Welcome to another installment of Reading List where we take a look at some of the the great tech and science reads from around the web. This week we enter the weird world of sweeping, gaze through the lens of ghost cams still haunting the internet, look at why technological limits made Abbey Road Studios so influential, and wonder at how counterfeiter Frank Bourassa was able to make his illegal millions. Take a quick Sunday break, grab all that left over Halloween candy, and read some of the best stories on the internet.
- Much like the obsessive, money-saving mania of couponing, as documented by cable tv shows, sweeping cultivates a similar kind of person: tireless, determined, and ultimately successful. Online sweepstakes are easy to ignore. What are the chances you'll win anything anyways? But if you enter thousands and thousands of contests, odds suggests you'll win eventually, and sometimes you may win big. [Racked]
- Neglected medical wards, enchanted forests, scarred battlegrounds all have ghostly apparitions, at least, according to people who take stock in that sort of thing. In order to catch these ethereal trespassers and fantasy creatures, constantly updating online live cams hold steady watch over these haunted grounds. Motherboard looks at these ghostly vestiges of the internet as a quick tour of the world's most haunted and magical locations. [Motherboard]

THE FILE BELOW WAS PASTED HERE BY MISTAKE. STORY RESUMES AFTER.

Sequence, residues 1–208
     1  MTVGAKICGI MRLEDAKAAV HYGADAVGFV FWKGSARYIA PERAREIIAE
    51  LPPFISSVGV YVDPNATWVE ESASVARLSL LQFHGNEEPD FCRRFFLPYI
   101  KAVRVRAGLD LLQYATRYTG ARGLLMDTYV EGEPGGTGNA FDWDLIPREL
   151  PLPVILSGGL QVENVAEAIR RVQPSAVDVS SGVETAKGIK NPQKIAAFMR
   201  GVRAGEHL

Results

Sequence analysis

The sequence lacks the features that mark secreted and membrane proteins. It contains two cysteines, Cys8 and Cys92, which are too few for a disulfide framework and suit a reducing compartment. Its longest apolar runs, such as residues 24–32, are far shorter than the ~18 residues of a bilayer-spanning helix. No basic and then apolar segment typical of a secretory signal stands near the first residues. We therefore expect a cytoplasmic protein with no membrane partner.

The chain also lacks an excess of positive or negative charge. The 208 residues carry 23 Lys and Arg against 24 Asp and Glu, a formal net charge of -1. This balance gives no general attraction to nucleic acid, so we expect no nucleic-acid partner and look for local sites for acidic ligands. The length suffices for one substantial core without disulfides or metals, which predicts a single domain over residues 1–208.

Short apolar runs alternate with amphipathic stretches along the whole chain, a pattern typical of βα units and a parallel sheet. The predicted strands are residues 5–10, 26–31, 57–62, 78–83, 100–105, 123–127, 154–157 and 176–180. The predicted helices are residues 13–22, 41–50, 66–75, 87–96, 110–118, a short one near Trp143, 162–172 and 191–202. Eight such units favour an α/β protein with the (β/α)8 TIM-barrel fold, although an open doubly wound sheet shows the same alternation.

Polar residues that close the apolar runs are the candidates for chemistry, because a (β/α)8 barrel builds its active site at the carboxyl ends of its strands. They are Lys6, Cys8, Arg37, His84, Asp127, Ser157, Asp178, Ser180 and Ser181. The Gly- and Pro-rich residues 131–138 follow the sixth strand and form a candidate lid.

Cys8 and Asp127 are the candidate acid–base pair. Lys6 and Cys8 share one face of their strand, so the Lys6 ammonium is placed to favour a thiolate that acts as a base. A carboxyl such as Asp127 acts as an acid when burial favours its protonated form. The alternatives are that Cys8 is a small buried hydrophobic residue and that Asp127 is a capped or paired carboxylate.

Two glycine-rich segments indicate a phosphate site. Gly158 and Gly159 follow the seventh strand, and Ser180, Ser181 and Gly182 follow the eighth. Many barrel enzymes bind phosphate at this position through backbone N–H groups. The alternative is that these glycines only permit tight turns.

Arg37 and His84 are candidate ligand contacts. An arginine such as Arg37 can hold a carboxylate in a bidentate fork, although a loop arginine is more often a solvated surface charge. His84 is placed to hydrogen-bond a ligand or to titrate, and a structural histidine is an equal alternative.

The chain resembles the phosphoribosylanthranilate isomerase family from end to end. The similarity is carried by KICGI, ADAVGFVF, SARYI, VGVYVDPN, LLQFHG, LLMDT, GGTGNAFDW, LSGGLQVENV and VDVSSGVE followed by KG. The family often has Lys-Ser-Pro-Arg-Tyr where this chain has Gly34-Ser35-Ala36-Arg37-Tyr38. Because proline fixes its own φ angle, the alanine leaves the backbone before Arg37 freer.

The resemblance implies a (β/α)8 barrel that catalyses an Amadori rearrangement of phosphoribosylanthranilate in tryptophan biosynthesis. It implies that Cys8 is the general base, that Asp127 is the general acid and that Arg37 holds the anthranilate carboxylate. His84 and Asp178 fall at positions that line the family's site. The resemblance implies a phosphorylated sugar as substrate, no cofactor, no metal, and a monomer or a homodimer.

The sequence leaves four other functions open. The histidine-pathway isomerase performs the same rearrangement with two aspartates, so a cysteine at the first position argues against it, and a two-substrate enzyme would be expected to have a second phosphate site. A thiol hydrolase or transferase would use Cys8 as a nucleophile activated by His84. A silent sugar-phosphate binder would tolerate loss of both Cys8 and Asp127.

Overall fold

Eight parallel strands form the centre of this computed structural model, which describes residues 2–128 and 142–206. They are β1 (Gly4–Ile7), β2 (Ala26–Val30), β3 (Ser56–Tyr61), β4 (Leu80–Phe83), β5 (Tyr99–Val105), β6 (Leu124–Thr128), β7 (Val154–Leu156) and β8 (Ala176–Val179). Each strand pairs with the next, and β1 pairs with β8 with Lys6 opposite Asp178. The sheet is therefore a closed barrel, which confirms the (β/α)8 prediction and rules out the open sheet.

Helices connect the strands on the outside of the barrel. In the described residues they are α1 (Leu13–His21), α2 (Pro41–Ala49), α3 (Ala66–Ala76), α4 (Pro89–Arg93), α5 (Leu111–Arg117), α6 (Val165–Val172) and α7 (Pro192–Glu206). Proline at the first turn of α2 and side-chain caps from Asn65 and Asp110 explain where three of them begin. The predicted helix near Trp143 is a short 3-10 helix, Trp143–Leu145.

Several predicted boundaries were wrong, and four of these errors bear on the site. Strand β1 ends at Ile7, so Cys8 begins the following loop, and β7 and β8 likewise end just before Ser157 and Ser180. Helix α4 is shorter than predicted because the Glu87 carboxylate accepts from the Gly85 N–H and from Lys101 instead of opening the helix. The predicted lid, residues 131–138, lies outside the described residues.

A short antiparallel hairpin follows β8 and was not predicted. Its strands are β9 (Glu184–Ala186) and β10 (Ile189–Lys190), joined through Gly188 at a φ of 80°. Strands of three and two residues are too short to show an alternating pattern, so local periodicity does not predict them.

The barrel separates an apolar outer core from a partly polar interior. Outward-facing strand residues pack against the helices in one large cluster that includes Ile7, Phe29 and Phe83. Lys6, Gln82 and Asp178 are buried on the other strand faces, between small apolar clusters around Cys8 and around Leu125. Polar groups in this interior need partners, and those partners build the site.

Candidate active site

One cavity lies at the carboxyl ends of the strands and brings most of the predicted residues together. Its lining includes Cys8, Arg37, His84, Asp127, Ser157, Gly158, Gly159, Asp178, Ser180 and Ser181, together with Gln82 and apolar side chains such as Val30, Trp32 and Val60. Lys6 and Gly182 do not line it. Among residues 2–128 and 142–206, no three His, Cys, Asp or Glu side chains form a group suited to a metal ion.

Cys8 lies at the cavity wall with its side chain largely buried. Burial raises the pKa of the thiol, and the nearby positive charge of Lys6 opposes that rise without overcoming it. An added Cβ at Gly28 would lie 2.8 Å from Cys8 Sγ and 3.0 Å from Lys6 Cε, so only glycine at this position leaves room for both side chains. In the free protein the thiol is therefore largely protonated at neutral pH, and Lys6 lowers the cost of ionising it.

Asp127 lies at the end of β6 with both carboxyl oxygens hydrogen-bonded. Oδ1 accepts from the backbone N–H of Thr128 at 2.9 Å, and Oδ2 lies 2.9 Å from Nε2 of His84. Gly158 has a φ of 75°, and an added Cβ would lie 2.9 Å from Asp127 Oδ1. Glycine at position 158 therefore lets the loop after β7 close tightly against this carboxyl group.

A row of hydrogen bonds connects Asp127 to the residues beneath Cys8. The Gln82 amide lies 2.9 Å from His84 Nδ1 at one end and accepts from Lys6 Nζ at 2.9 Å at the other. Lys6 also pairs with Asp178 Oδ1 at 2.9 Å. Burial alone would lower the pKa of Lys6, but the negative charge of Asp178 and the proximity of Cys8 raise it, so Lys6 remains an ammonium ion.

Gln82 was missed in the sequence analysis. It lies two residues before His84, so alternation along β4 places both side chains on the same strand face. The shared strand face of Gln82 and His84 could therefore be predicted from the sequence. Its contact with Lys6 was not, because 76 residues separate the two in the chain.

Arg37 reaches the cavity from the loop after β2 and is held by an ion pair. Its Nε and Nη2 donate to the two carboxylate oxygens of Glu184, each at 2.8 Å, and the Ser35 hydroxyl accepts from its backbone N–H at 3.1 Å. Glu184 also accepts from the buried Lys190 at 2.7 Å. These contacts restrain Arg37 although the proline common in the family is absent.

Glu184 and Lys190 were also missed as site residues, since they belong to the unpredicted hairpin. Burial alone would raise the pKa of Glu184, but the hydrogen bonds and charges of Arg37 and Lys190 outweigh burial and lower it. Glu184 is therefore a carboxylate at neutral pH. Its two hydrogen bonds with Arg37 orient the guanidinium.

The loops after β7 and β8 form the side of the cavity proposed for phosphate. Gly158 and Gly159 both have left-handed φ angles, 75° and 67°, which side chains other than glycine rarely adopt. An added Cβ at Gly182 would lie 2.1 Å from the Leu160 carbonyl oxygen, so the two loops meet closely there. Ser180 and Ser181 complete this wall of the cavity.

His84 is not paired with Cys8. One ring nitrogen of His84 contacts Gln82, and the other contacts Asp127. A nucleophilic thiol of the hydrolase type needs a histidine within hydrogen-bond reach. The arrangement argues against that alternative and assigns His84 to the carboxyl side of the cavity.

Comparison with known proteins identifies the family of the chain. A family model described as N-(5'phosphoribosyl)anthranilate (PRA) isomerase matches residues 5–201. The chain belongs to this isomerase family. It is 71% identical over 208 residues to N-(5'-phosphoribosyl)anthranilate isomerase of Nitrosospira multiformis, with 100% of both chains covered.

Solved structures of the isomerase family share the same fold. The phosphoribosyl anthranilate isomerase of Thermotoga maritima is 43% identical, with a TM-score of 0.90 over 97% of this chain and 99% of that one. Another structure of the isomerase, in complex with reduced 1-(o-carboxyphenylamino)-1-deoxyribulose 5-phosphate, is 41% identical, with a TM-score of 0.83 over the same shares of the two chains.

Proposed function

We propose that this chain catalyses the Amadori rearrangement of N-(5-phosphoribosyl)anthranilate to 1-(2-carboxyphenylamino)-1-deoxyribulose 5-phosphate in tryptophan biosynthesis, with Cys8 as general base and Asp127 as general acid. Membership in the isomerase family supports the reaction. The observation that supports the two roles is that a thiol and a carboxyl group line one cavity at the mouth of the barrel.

- What makes great music great? Is it the prowess of the performer, the talent of the sound engineer, the specific type of equipment recording various notes, or the perfect combination of everything mixed together? Touring Abbey Road Studios, the most iconic recording studio of all time, The Atlantic asks that familiar question, finding that in the pursuit of perfection, music needs imperfection. [The Atlantic]
- The life of a counterfeiter is a life on the edge. The same can be said for Frank Bourassa's fake currency empire. The steps that led Bourassa from petty larceny to one of the most prolific counterfeiter's off all time is at some moments painfully normal (he got a lot of insight from government websites on what to avoid in his trade) and at others much more exciting. "The Great Paper Caper" details Bourassa's rise and eventual fall. [GQ]